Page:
“Ba’al Haness” means “Master of Miracles,” why was that name added to him? It is related that on a certain occasion when a pack of wild dogs ran over to tear him apart, Rabbi Meir cried out: “Eloka d’Meir aneini – God of Meir answer me,” the dogs retreated. The Roman guard of a brothel was about to be hanged for having taken a bribe. He was bribed so as to allow Rabbi Meir‘s wife (Bruriah‘s) sister to escape (while still untouched) from the brothel where the Romans had condemned her to live her life in shame (after they killed her parents, the saintly R. Chananya ben Teradyon – one of the 10 martyrs we mention in the kinot of Tisha B’Av – and his wife). As the noose was tightened around the guard’s neck he cried out, “God of Meir answer me,” the rope tore – to everyone’s amazement – and the guard was saved!

Harav Raphael Benchimol, rabbi of the Manhattan Sephardic Congregation, very eloquently told the evening’s participants that the specific date 14th of Nissan (Pessach Sheini). was a very propitious time for asking Rabbi Meir Baal Haness to intercede in one’s behalf. As I walked around the room, I heard touching, gripping stories of people’s prayers being answered. Even over this last weekend in Providence, RI, I heard one such story…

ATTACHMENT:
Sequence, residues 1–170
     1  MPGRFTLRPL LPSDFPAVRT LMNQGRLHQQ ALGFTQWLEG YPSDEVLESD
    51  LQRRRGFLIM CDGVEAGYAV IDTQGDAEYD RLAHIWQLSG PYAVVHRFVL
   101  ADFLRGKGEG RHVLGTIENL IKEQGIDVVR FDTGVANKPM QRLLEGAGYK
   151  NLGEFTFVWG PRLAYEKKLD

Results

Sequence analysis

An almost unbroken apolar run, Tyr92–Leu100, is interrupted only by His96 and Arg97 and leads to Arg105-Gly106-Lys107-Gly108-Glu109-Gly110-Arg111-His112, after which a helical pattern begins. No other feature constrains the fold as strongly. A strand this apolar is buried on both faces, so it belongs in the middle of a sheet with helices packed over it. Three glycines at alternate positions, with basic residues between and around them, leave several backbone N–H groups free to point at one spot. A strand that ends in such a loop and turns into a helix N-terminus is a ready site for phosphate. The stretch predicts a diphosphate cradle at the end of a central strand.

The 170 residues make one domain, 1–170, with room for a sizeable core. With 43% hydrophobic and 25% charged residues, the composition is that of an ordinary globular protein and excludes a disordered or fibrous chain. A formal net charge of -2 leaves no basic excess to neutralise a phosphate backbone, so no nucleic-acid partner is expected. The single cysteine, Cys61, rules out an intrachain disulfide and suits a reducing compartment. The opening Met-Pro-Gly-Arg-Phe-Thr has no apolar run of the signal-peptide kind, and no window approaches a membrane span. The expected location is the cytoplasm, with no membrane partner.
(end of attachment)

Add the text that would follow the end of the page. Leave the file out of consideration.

Rabbi Benchimol: "If you need anything, or if you have lost your way, Rabbi Meir Ba'al Haness will help you find it..."

After Ma’ariv, people lit candles – on a specially set up table – while saying twice, “Eloka d’Meir aneini,” as each silently concentrated on his/her requests…

The emotions, the fervor, were contagious...

Meeting friends and friendly strangers, praying with them mincha and later ma’ariv, listening to the Rabbi’s divrey Torah, pouring out my heart as I concentrated on my personal requests – while lighting my candle – the delicious food, the drinks, made this a very inspiring and enchanted evening. Thank you Sidney, thank you Tammy.

Eloka d’Meir aneinU! God of Meir, answer US all!

CS